What is Home Equity?
When you take out a mortgage to purchase a property, your terms will include interest rates that will be included in the monthly repayment of the debt. During the initial periods of the mortgage most of the payments, you make go towards the payment of the insurance. But over time as you continue to make payments the interest rate goes down and your repayment starts paying off more of the loan amount.
The more payments you continue to make the more ownership of the property you keep gaining. For example, if you have made payments worth 50% of your total mortgage amount, then you have 50% ownership of the property. This is known as Home Equity. It is the amount the borrower has paid off from the loan.
What is a Reverse Mortgage?
Now that we have covered Equity, we can talk about a Reverse Mortgage.
A Reverse Mortgage is a special type of loan available to people who are over the age of 62 and have already paid off their mortgage or at least most of their mortgage payment has been completed. This loan allows the homeowner to convert part of the equity into cash.
When a person takes out a reverse mortgage loan, the property remains under their name. However, unlike a traditional mortgage plan, they don’t have to make monthly payments towards repayment at all. Instead, they are given monthly payments by the lender from the equity until the loan amount is completed.
How does a Reverse Mortgage work?
The borrower will approach a lender for a reverse mortgage. Once it has been established that the borrower meets all the loan requirements the borrower will be offered the options of getting a cash amount, a series of monthly payments, or a credit line. This amount is based on the equity the borrower has gathered over the time of making the mortgage payments. While the loan is active, the borrower does not have to make any payments towards the reverse mortgage. However, the homeowner is required to pay property taxes, maintain the property, keep it as their primary residence and arrange for private mortgage insurance.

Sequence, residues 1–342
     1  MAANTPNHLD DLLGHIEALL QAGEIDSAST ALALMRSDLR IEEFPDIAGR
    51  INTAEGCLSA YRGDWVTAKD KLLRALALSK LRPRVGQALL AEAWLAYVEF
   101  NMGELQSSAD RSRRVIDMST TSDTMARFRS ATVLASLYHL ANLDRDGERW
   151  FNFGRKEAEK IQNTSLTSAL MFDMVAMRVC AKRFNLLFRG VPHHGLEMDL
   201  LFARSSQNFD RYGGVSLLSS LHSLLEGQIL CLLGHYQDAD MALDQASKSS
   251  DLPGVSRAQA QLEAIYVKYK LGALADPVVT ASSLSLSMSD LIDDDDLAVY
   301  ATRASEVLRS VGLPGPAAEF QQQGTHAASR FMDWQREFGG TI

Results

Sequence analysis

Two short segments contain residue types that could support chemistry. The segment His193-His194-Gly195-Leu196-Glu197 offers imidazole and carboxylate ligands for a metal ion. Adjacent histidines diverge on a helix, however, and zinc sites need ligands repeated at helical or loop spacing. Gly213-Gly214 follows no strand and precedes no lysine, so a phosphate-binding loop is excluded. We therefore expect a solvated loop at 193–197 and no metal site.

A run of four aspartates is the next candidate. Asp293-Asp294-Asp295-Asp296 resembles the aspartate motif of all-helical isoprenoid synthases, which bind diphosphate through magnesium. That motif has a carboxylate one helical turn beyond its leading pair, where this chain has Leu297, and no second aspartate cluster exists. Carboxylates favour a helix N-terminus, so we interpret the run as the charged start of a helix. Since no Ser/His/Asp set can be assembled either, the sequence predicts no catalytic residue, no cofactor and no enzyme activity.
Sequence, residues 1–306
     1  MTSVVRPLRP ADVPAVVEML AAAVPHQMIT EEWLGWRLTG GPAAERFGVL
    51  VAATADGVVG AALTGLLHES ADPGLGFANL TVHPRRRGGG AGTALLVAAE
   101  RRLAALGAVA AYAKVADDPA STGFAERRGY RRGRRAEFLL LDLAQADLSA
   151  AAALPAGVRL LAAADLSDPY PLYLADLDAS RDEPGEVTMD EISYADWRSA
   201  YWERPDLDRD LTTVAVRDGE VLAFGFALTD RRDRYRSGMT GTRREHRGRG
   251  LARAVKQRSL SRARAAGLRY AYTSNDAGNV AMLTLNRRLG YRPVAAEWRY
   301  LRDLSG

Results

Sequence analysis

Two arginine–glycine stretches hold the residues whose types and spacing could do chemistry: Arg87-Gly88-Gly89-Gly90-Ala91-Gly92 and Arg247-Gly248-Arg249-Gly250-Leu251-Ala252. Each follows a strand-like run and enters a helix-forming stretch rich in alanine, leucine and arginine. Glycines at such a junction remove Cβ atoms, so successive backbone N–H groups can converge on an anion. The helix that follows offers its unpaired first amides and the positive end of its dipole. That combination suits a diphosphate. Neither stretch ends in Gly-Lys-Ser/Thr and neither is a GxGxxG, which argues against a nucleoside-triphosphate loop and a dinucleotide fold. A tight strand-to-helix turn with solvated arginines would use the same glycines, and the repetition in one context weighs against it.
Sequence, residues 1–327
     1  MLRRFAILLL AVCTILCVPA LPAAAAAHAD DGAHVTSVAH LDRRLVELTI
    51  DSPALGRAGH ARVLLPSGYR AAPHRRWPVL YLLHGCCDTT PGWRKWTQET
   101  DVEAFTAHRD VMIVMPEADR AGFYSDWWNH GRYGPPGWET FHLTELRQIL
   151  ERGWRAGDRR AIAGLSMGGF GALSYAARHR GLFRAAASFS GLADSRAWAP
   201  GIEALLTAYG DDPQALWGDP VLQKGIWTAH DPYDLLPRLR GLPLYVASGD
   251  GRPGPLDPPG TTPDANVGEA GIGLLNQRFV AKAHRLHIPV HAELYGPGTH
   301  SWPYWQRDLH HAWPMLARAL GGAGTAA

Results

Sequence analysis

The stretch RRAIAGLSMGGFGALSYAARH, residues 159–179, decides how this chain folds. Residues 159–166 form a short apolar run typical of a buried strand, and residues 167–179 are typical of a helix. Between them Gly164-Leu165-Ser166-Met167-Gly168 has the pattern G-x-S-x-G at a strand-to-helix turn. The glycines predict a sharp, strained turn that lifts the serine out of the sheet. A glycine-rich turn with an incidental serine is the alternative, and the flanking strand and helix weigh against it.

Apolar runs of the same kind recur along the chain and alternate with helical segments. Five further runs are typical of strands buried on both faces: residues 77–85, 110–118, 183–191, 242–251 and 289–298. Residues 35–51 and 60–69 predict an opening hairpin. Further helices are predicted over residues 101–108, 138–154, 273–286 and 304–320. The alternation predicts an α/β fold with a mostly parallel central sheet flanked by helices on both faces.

The loan is repaid when the borrower moves out of the property or sells it. Each month interest amounts and applicable fees are added to the loan so over time the loan amount goes up and not down, as it would in a traditional mortgage. Additionally, as the loan amount increases the equity of the homeowner also decreases.
Can I cancel a Reverse Mortgage if I change my mind?
Yes, if you change your mind about the reverse mortgage, you can cancel. Reverse mortgages include the right to “rescission”. Once the deal is signed, you have 3 days to inform the lender that you want to cancel the reverse mortgage. Doing so after the 3 days will result in penalties.
What are the requirements for Reverse Mortgages?
To qualify for a Reverse Mortgage, you have to meet the following eligibility criteria:
- You have to be a min of 62 years
- You should have paid off a major portion of your mortgage on the property
- The home should be your primary residence
- You should owe zero federal debts
- You should have enough money to pay property tax, fees, maintenance of the property, etc
- Your property should meet the guidelines of the reverse mortgage
How much can you borrow on a Reverse Mortgage?
You can get approved up to a certain amount from the equity you have already covered. How much of that you get approved for will depend on the lending trends and the lender’s policies regarding reverse mortgages. There are Federal regulations that require the loan amount to remain less than the home’s market value. So an appraisal will be required as part of the process of the lender to determine the amount for the approval.